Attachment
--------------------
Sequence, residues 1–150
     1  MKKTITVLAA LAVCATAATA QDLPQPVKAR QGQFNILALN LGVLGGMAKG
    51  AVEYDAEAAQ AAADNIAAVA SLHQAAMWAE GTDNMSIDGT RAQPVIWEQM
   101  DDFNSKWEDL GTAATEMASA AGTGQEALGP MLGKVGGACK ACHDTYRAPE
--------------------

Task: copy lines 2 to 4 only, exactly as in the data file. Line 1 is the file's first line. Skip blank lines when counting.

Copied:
     1  MKKTITVLAA LAVCATAATA QDLPQPVKAR QGQFNILALN LGVLGGMAKG
    51  AVEYDAEAAQ AAADNIAAVA SLHQAAMWAE GTDNMSIDGT RAQPVIWEQM
   101  DDFNSKWEDL GTAATEMASA AGTGQEALGP MLGKVGGACK ACHDTYRAPE